As I mentioned in my last article on new product introduction (NPI), launching a new product is stressful—even in the best of organizations.
At Arena, we’ve been working on a couple of new products ourselves, Arena PartsList and Arena PDXViewer, so I’ve gotten to see a bit of what goes into new product introduction first hand. (Admittedly, as a software company we’ve got it much easier since our products don’t need to obey the laws of physics!)
A lot of things can take you by surprise when introducing a new product. You may find that your internal resources are not always available in the time frame or with the required expertise to meet NPI demands. Your internal resources may also have limited bandwidth, forcing you to hire and manage outside partners. And if you are a global organization, the complexities of your global customers and supply chain pose an extra challenge.
The best way to deal with the stress of NPI is to create clear goals, processes and benchmarks from the beginning. These things can keep you on track when production ramps, it starts getting hectic and you find yourself asking, “Why are we doing this to ourselves!”
Our partner, Product Realization Group (who is hosting a webinar on NPI in February) shared with me a list of basic business questions that you can use to start drafting your new product introduction plan.
Kick off your next product launch with the following questions:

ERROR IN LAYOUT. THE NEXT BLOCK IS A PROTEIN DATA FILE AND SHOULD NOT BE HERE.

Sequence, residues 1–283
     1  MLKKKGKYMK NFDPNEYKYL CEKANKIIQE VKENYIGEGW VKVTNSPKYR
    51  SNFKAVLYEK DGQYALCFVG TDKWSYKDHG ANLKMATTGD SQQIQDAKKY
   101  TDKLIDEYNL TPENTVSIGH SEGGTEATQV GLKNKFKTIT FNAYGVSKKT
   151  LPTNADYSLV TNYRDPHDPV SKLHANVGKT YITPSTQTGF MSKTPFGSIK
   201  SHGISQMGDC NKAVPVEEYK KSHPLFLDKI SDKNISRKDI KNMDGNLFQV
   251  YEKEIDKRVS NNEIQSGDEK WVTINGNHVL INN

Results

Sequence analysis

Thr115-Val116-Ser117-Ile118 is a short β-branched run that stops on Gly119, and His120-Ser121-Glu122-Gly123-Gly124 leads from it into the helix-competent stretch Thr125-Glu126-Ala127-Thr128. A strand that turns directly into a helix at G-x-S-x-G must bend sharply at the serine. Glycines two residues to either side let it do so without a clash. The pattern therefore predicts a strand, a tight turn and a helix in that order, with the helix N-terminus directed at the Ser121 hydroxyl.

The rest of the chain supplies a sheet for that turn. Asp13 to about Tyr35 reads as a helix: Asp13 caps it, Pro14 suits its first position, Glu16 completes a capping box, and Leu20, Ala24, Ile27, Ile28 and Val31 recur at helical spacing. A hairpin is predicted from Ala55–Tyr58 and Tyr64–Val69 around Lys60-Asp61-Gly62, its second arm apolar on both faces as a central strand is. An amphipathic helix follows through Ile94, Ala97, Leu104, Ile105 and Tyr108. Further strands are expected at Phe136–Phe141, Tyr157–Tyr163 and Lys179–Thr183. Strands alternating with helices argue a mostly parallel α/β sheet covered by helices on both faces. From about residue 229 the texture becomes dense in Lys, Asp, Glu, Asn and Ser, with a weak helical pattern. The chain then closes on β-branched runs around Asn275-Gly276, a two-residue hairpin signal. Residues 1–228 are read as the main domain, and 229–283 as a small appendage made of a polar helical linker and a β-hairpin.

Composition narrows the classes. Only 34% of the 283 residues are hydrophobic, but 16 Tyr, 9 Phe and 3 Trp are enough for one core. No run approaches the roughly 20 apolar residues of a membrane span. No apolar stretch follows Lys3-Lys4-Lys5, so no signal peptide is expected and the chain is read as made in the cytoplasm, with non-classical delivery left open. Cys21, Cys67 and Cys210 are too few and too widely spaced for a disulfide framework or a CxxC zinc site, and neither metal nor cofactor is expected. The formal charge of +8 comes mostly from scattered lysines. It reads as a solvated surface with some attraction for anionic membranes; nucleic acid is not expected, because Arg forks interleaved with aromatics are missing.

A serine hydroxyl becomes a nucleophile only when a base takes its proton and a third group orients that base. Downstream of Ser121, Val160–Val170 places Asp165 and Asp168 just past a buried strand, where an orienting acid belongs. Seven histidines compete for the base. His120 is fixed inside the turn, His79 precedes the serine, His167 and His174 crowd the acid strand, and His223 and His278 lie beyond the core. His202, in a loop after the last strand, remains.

– What are the sales/revenue projections for this new product?
– As you move toward launch, will operations require additional/temporary headcount?
– What is the operations budget when it comes to expense and capital equipment plans?
– What are projections for gross margins? (Consider ASP targets and COGS targets)
– What are current and projected product costs? (Include inventory projections, warranty claims and returns and any additional facilities requirements)
There is a lot more to NPI than this checklist, but answering these basic questions is a good place to start. (For example, how can you determine the potential ROI of the product without an idea of what you expect to make? And how much does the extra required headcount impact overall revenue potential?) And if you’re interested in learning more about NPI, check out Product Realization Group’s upcoming seminar—Launching Success.
With the upcoming launch of PDXViewer and PartsList, I have NPI on the brain. Next week, I will share what each department should contribute to a successful product launch.